Stockbrokers are some of the highest paid sales workers in the country. But they also have one of the largest gender pay gaps in sales jobs—data from the mid ‘90s show that women made 20 percent less than men.
But stockbrokers are usually paid through commissions—which should reduce gender inequality, as income would be based solely on ability. Unless women aren’t as good at the job, or clients simply made fewer purchases from women brokers.
Or can management still play a role in women making less?
University of Pennsylvania sociologist Janice Fadding Madden reviewed info from two major brokerage houses available via class action lawsuits. The data included stockbrokers’ records of asset values and trades from 1994 through ‘96.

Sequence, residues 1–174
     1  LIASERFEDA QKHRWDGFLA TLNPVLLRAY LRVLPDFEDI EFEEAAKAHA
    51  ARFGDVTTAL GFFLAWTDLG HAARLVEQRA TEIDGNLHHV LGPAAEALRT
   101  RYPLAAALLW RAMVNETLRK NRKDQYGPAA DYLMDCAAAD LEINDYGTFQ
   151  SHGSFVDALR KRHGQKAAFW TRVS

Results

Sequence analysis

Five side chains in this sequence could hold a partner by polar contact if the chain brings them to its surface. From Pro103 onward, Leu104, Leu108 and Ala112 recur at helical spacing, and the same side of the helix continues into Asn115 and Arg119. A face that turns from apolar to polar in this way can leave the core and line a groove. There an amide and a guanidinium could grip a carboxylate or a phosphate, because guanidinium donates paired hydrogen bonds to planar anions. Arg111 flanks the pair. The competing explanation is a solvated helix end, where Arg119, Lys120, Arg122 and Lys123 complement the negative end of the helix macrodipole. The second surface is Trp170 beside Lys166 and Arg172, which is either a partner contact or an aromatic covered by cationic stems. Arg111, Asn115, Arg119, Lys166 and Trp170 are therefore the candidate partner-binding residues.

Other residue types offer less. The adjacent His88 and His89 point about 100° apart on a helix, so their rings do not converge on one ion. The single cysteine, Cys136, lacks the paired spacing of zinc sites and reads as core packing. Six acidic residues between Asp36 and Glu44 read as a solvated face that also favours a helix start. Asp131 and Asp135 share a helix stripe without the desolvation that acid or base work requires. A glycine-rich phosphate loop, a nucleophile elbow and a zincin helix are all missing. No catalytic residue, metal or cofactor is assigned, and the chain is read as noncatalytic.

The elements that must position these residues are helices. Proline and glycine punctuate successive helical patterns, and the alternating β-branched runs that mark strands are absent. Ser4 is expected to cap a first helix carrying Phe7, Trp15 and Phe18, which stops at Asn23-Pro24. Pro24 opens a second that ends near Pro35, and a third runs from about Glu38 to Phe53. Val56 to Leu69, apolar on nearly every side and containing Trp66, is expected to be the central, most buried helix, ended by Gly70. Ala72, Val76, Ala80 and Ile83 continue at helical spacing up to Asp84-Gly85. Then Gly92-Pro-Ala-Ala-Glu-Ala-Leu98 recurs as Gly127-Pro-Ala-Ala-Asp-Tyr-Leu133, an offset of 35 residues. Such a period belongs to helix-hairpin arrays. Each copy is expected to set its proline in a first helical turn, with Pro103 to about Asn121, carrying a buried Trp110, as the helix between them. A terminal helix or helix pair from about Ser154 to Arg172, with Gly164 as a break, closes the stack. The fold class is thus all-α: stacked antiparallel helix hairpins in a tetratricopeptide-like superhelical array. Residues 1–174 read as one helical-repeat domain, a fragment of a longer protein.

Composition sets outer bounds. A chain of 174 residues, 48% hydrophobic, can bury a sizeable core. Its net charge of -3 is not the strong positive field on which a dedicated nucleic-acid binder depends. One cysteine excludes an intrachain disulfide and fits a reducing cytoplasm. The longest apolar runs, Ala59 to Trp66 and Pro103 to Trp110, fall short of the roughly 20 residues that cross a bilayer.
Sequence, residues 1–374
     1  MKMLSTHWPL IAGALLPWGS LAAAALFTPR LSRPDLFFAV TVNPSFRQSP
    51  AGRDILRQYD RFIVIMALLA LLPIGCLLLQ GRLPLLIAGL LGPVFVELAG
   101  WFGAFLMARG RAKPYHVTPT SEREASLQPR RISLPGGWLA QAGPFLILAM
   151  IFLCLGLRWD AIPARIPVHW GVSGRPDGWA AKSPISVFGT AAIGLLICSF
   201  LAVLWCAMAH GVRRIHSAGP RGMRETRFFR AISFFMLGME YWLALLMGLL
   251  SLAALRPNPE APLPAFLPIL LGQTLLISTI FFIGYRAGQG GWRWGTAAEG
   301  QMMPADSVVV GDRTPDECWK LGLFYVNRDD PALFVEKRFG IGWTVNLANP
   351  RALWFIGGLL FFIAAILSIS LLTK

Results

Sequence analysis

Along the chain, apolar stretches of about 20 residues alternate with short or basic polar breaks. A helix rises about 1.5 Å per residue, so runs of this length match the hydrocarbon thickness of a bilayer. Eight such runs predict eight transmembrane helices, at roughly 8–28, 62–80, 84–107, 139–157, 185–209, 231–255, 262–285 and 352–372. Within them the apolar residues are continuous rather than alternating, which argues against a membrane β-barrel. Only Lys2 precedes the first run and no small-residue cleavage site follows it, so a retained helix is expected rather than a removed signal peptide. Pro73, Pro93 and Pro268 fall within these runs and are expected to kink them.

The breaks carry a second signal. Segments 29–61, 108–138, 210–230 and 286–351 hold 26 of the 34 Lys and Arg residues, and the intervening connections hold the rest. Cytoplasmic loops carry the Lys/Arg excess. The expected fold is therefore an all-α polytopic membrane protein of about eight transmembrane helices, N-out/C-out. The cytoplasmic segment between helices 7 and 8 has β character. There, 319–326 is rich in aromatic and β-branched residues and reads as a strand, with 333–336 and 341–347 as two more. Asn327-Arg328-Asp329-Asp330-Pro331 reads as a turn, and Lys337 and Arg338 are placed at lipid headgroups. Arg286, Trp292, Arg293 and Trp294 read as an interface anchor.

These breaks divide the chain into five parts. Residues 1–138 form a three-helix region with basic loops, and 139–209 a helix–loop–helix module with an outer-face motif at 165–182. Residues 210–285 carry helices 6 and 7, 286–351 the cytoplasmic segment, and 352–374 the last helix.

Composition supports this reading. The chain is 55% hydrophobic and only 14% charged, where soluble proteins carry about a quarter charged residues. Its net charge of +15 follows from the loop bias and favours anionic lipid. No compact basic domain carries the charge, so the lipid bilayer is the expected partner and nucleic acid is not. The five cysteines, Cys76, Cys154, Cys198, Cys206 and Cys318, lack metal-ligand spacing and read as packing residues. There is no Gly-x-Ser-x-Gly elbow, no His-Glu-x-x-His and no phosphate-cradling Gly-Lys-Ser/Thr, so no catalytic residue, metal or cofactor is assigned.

Madden found that there were no sales differences by gender for accounts with prior sales histories. But the referrals that women got from management had lower asset values and historic commissions. So the managers effectively gave them lower-paying accounts. The research is in the journal Gender and Society. [Janice Fadding Madden, "Performance-Support Bias and the Gender Pay Gap among Stockbrokers"]
The study shows that manager bias can affect whether women make as much as men—even when the manager isn’t the one paying.
[The above text is an exact transcript of this podcast.]